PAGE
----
Posted originally on The conservative Tree house on December 2, 2020 by Sundance
As we work through bugs associated with CTH 2.0 launch, consider this a thread to provide information, report user issues, ideas and concerns. Please read the information provided below as it might answer many questions in advance.
Today, December 2nd, was our official eviction date as established by WordPress/Automattic two weeks ago. Considering the scale of moving 11 years worth of data (56,000 articles, massive media file, 7.2 million comment library), the tech team did a great job.
That said, we anticipated some issues, are encountering others, and we are carefully working through a checklist.
First, we wanted to migrate the data and site in the least disruptive way to the CTH community that provided continuity and familiarity.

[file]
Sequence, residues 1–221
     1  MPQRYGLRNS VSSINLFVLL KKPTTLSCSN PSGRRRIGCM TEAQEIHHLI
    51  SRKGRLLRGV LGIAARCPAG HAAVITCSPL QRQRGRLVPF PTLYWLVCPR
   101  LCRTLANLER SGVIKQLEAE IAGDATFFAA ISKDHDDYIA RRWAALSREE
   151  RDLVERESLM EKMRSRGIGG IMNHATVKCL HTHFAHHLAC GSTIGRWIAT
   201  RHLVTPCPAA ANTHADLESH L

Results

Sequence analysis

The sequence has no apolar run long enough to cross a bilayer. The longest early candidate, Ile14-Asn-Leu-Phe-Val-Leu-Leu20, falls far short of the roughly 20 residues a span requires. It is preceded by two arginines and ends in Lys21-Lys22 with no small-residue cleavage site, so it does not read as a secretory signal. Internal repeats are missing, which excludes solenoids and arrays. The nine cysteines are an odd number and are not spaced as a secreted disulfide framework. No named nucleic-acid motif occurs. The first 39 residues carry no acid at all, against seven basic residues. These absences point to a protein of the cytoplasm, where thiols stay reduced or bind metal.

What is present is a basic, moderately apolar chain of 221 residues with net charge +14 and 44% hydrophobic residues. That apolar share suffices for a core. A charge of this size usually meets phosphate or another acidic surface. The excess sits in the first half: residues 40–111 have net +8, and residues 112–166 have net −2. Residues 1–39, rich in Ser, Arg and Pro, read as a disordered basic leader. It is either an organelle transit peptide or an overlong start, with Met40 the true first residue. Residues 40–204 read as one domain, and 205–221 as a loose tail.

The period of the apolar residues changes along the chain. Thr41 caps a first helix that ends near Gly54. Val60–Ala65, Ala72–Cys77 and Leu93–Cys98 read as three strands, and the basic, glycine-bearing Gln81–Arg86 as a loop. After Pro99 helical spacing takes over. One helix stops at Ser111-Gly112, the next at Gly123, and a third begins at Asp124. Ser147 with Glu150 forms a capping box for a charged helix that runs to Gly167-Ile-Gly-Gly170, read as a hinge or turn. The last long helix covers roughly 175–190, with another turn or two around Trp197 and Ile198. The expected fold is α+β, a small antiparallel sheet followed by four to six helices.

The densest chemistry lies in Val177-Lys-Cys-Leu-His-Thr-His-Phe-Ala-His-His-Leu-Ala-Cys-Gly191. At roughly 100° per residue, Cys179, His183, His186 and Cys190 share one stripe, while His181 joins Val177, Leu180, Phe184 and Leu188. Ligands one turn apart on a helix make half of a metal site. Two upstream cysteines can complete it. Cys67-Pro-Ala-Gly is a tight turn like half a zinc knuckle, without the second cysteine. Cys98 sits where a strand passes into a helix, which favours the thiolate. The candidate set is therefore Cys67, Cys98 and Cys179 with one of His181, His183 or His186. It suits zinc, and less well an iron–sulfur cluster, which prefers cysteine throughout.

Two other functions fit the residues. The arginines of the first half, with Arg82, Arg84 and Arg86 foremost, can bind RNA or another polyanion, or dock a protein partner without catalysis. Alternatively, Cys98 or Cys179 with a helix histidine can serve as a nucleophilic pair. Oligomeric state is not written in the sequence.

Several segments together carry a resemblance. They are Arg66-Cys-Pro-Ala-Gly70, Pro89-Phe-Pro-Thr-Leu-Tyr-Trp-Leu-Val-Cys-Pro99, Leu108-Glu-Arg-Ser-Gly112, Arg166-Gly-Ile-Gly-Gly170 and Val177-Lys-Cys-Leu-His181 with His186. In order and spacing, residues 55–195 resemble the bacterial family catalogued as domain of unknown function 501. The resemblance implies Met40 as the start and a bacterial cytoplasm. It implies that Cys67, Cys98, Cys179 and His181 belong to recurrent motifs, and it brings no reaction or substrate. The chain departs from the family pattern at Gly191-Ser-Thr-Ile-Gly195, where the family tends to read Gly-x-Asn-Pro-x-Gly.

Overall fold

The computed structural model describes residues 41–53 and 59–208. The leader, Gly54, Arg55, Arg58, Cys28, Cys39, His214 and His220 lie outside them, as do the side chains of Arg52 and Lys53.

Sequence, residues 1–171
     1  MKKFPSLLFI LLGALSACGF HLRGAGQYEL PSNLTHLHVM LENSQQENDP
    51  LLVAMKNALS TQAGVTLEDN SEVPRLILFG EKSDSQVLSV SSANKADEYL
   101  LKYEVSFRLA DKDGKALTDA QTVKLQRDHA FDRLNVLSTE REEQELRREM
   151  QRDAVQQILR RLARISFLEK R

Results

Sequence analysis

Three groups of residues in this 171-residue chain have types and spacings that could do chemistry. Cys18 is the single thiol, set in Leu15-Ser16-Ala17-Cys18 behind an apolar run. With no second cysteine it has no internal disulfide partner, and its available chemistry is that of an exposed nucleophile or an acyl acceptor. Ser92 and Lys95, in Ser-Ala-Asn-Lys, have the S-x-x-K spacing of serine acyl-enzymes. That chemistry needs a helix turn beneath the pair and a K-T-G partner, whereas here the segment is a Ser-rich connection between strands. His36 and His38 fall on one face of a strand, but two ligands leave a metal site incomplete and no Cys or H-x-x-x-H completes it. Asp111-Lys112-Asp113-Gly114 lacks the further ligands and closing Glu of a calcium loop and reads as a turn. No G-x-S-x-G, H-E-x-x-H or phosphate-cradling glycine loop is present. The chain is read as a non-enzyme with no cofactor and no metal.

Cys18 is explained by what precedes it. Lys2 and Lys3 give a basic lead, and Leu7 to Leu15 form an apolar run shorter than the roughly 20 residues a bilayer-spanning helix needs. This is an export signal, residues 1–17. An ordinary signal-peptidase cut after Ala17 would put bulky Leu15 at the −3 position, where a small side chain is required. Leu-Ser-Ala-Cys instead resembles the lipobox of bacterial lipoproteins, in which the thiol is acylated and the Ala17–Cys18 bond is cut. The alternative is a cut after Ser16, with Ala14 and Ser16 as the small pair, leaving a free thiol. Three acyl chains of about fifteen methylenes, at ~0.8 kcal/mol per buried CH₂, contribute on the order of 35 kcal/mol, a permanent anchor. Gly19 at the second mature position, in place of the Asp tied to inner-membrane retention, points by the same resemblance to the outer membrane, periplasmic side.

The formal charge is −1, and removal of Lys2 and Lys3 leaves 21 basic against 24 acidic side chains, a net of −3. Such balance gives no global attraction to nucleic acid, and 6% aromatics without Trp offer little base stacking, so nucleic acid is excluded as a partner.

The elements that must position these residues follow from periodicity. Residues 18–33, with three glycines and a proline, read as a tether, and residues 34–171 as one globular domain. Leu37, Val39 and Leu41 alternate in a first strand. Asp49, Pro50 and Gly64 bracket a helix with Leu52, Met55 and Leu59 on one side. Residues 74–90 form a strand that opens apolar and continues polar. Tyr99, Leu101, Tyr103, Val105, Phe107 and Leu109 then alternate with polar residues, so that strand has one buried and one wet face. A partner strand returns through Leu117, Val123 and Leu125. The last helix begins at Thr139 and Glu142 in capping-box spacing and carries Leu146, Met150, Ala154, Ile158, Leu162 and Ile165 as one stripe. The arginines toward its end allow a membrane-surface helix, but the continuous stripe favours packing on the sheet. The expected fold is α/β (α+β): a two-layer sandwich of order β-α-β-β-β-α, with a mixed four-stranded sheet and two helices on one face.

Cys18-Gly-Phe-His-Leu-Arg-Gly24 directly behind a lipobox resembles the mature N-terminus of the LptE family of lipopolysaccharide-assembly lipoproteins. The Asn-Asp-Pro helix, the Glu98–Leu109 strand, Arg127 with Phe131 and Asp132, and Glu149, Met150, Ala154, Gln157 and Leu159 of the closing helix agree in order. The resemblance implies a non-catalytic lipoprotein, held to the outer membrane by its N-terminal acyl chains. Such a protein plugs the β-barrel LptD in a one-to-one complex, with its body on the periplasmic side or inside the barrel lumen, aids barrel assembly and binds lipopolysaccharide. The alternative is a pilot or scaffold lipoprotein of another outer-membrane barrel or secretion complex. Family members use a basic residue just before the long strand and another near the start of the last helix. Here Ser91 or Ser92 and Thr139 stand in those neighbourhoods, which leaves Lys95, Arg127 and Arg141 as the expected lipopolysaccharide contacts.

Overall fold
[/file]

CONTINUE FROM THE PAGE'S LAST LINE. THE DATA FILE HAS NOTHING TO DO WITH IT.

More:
Despite the tech issues with the disconnect from WP/Automattic servers to our own proprietary server system, that overarching goal was achieved. Now we are getting into the weeds.
First, some background so everyone can understand the big picture issues. Obviously WordPress/Automattic wanted us gone; however, in hindsight the unspoken purpose and motive behind our eviction is now making a lot more sense.
Based on insider information, there were two distinct issues that merged; sunlight upon them is against the interests of massive multi-billion dollar organizations, but at CTH the truth has no agenda, so here’s the inside explanation as it appears.
♦ Ideology – As they said in their notification to deplatform, the “content” of CTH was against the terms of WordPress/Automattic. This is not really a surprise as Big Tech looks for any obtuse or obscure reason to silence voices that are not in political alignment with their goals. The decision by WP/Automattic is not surprising even if they would never publicly admit it. Quite simply, this battle has been going on for years and now it is at an inflection point. Alternates to the grip of Big Tech are starting to emerge, slowly.
♦ Business – In addition to the ideological nature of the motive, there is another element which has gained significant clarity in the past few weeks. Our CTH community did something WP/Automattic never expected… we were too successful.